It still all feels completely surreal and I know I haven't hit the deepest part of grief yet. That seems to happen a few weeks after the event, when the permanence of the reality of loss gradually works its way under the skin and through many layers and finally hits your core. That's when you change from the inside and you are never the same again and from then on you have to build a new reality for yourself - a new identity without the person, and a new way of coping with everything without them, and a new way of filing things in your head - the "actual now and future" and the "this will never ever happen again". Right now all those things are blurry and it may as well be that he's just somewhere else while I'm having a few days doing stuff without him.
But there is peace already, and I've been pondering where this peace has come from, mainly to check that it's not just denial. But I don't think it is - I think it's wonder. And this is where that wonder has come from....
I don't think I've ever hit a point in life where I feel like I was owed anything. I remember as a kid always wondering how come I got to be part of a big family, and get raised in a great church, and was born in twentieth century Britain, of all the times and places in the world to be born.
When I got married we used to joke that we felt like at any moment someone would come and knock on the door of our new house and say "Hey, what are you doing? This isn't for real, go back to your parents!" I was 20 and he was 25, but we felt like a couple of kids pretending to be real grown ups and playing house.
When we had children I could never get over that either. Like, do we really get to keep them? Forever? And we get to chose how many we have? And we were allowed to have five when so many people can't even have one, and we didn't have any miscarriages or anything.
We got to do so much we wanted to. We were allowed to do youth work full time for two years. We got to go to bible college and study our favourite thing for three whole years. We got to visit Haiti, where Richard grew up. We said we wanted to plant a church, and not only did people let us, but they helped to support us finically too.
And, to top it all, people chose to join our church too.
I've never got over any of this. How come we got to do so much of it? I'm not saying it came easy - not at all. Richard often worked two jobs at the same time, and studied into the night for college and church. I've had little children at home for over twelve years and sometimes been far from family and familiar friends, while also working towards our degrees or our church plant. But I still never felt like we were owed it. It has still all felt like we have been so privileged to be allowed to throw ourselves heart and soul into stuff we love, and to eventually see rewards reaped from them. Some people never get that chance.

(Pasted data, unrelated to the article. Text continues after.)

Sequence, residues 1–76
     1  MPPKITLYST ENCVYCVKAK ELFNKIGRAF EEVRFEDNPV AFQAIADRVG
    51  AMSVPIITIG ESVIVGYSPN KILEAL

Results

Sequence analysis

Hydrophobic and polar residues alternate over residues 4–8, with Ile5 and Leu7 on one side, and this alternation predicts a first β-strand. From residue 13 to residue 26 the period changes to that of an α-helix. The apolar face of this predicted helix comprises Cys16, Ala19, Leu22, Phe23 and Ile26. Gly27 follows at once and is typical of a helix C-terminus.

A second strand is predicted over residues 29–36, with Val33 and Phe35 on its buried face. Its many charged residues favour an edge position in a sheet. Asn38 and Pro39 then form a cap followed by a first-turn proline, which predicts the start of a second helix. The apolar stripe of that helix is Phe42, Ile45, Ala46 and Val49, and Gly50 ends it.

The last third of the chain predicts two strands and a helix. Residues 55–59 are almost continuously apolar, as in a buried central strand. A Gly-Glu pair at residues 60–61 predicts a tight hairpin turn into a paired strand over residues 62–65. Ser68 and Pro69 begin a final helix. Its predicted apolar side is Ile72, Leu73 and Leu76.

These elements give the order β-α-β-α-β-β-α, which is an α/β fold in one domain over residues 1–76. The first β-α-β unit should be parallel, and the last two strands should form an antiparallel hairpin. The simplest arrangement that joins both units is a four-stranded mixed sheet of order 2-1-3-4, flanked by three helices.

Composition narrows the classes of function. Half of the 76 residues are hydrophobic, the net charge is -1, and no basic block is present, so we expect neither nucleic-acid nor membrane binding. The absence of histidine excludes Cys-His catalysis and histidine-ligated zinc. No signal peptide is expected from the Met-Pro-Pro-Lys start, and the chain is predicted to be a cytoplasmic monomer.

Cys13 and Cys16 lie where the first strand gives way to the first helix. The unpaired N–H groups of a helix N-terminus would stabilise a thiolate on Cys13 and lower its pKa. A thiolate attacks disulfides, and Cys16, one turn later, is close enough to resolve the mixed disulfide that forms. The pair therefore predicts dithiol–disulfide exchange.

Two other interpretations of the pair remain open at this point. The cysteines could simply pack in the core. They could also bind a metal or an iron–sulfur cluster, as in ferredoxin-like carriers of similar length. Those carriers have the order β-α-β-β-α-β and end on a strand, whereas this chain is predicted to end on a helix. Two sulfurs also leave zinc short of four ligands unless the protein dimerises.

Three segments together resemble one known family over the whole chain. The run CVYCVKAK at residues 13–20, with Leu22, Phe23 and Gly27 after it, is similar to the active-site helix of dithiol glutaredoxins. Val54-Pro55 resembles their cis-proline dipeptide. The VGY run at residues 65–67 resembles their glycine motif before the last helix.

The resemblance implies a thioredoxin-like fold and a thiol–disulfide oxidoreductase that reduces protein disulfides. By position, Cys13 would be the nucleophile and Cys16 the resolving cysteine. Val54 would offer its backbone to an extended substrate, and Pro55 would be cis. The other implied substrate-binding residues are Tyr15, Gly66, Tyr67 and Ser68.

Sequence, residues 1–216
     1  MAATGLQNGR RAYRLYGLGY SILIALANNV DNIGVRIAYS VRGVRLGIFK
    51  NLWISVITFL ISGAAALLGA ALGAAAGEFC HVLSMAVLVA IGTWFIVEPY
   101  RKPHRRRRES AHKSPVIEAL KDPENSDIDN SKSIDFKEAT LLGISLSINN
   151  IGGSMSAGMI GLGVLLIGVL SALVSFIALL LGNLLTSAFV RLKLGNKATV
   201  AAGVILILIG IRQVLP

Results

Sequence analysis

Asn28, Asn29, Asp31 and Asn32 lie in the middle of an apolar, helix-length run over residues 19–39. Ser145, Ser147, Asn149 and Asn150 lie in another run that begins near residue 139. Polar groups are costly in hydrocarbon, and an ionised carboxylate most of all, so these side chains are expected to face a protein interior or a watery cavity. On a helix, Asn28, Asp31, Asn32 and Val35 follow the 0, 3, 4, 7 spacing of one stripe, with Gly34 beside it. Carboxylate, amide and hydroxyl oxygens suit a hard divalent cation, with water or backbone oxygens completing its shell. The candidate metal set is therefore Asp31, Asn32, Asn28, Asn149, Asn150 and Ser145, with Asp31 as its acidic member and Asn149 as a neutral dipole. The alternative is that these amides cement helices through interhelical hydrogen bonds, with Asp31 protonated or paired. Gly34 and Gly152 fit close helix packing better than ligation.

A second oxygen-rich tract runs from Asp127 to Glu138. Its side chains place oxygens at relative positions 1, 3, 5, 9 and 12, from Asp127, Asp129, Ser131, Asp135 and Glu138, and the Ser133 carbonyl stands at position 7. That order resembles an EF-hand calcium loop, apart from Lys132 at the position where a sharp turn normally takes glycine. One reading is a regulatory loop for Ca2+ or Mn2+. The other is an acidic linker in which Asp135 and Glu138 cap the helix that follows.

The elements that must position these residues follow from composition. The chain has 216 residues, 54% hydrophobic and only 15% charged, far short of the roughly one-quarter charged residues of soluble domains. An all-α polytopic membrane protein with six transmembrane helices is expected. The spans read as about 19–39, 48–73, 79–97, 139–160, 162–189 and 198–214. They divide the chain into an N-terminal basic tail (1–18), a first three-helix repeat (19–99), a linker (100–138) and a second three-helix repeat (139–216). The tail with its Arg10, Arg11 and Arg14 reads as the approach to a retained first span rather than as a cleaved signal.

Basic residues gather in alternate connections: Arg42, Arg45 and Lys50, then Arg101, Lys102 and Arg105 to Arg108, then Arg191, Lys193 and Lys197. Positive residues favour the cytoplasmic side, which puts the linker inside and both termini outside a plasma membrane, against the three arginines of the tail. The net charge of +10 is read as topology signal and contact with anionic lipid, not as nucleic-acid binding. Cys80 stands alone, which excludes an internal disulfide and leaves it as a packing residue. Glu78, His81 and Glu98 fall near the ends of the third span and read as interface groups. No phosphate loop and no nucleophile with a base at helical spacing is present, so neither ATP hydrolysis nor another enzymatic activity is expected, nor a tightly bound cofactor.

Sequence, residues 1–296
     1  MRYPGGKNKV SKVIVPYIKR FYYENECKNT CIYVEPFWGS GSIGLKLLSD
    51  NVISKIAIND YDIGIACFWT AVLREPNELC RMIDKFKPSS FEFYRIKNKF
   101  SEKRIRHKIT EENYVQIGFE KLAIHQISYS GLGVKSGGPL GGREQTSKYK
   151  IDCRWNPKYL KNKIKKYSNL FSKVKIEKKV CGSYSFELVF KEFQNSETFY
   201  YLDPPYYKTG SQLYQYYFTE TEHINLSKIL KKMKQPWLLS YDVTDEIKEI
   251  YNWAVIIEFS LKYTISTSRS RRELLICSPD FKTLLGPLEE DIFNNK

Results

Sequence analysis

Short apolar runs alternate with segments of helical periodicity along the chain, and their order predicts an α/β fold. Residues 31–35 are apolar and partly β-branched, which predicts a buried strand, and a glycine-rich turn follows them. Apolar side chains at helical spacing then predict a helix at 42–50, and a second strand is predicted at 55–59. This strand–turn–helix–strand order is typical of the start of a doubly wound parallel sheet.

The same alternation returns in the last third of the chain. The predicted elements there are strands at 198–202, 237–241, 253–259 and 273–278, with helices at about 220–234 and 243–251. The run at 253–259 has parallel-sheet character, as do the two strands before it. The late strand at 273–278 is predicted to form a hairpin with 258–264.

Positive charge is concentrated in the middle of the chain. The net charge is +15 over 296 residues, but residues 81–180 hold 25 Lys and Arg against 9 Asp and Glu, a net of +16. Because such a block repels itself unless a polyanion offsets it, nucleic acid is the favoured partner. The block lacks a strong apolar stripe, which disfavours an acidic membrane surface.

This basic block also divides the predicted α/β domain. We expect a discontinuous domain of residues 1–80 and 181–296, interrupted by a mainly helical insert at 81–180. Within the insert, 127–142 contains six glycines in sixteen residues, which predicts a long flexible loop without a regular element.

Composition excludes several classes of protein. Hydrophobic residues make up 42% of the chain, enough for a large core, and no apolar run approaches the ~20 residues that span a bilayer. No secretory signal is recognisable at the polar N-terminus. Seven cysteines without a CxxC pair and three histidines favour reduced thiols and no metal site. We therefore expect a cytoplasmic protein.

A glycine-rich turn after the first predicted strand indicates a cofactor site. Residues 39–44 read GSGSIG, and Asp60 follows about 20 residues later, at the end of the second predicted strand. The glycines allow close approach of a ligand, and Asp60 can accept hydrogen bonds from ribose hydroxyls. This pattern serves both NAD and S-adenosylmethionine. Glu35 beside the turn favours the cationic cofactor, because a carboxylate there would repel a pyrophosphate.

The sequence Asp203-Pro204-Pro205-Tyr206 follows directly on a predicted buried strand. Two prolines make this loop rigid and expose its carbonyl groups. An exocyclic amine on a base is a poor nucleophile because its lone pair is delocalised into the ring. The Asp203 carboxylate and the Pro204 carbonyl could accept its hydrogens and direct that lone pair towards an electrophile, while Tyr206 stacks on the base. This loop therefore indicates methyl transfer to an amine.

I haven't exactly been waiting for it to crash around my ears, but I do know I have taken as many opportunities as possible to suck in moments and really appreciate what we've had. It's not usually been the easiest moments that have made me do this - it's been the times when a tantrum is being thrown, or our cash card has been rejected at the till, or I've been so exhausted that I couldn't stop crying. Those are the moments that have made me stop and look at what I do have, and love it all the more, because I know that things change and nothing stays this way forever, so I need to keep walking through that particular season until we come through it and things will change again and I will look back and see it differently.
Never, ever, have I expected perfection. This world is messed up and I've had my nose in books all my life that show me that there is more to life than my little bubble. Everyone of us goes through hard times, although they all look different. This doesn't have to turn us into pessimists though. On the contrary, it should make us look at everything that happens to us and say "Wow!" It should make us seek the wonder in everything. The only reason we experience loss is because we had in the first place. If we start from a place of gratitude, then we see everything in life as a gift, and we don't begrudge the gifts that slip from our fingers. We are grateful for having it all in the first place, and we know we can trust the One who gives, because He's already shown is how good He is at giving, so who knows what else we will be given in the future?
There are still a lot of tears and anger, and wishing things were different, but right now nothing else is as powerful as the wonder, and I hope that it stays that way. Maybe if my grief increases, then my wonder can too. God is good like that.
This week the children will go back to school and I will start doing some difficult tasks like ringing insurance companies and banks to change all our details. I'm not doing any of this alone, thank goodness, as I've been given help every step of the way. But I would appreciate your prayers, particularly for the kids as they step back into reality after a week of holidays and sunshine.
And also as we make preparations for the service of celebration for Richard's life on Monday 9th. It will take place at 12:00 noon at Fulwood Free Methodist Church in Preston, with food provided afterwards, and is open to anyone who would like to attend.
Thankyou again for all the love, prayers and words of support that have been flooding in. It really is amazing, and helps to keep me filled with wonder.